PARIS (AP) ��� A few weeks away from proudly unveiling its new car for the 2017 Formula One season, French manufacturer Renault now has to find a new team principal after the departure of Frederic Vasseur on Wednesday.
Vasseur left his role after one season, with Renault saying the decision was by mutual consent. No further information was given as to who will replace the Frenchman, but Renault will give full details of its plans when the new car is unveiled on February 21 - the earliest confirmed date so far of any team.
Until then, the team will be run by Renault Sport Racing's president Jerome Stoll and managing director Cyril Abiteboul.
Renault withdrew as a works' team from the constructor world championship after the 2009 season, and made its comeback last year after agreeing to take over Lotus. Vasseur played a key part in the relaunch and rebuilding of the team.
Renault finished a modest ninth in the constructors' standings with Dane Kevin Magnussen scoring seven points and British driver Jolyon Palmer getting one.
With new engineers set to come on board and experienced German driver Nico Hulkenberg joining from Force India, hopes were high for this year. Hulkenberg even spoke of his ambitions the day before Vasseur's departure.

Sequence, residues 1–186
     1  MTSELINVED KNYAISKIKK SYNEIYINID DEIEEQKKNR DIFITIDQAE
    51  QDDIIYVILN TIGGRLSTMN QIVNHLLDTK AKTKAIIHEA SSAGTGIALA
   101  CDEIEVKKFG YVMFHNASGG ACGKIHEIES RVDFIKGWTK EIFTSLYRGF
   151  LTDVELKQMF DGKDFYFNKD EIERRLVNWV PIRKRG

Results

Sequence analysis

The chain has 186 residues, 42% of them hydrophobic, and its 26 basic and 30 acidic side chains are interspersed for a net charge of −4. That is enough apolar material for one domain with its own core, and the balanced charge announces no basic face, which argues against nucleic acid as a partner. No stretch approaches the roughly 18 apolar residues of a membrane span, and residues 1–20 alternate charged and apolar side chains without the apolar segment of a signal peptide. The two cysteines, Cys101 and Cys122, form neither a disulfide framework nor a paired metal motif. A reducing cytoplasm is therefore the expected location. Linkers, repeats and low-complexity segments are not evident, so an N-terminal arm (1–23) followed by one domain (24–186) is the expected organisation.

"At Renault the next few years will be about turning a participant into a real contender - one that makes use of the advantages of a manufacturer in the best way possible to achieve the racing success of the past," the 29-year-old Hulkenberg told the F1 website on Tuesday. "And believe me, we will."
But it will be without Vasseur, who has spoken of clear differences of opinion over strategy.
"There was too much different vision in the management of the team, so it makes sense for me to leave," Vasseur told Motorsport.com on Wednesday. "If you want to perform in F1, you need to have one leader in the team and one single way. If you have two different visions then the result is that the work inside the team is slow."
However, Renault is confident that Vasseur - who enjoyed success in the GP2 and GP3 series with the Art Grand Prix team - will take on a different role "sometime in the future."
F1, which is introducing sweeping rule changes for next season designed to make cars faster and races more exciting, has been hit with a spate of departures.
Paddy Lowe, who was the technical brains of Mercedes in his role as executive director, left on Tuesday. In Lowe's time at Mercedes, the British-based team won both the drivers' and constructors' titles every year from 2014 to 2016.
Lowe is reportedly set to join Williams F1 with former Ferrari technical director James Allison set to replace Lowe.
In November, Ron Dennis, the veteran chairman and chief executive of the McLaren team, was forced out following a boardroom dispute - bringing to an end his 36-year stay with the British team. He was replaced by American Zak Brown, an ex-F3 racer who founded the motorsport marketing company JMI in 1995.
The 20-race F1 season starts on March 26 in Melbourne, Australia.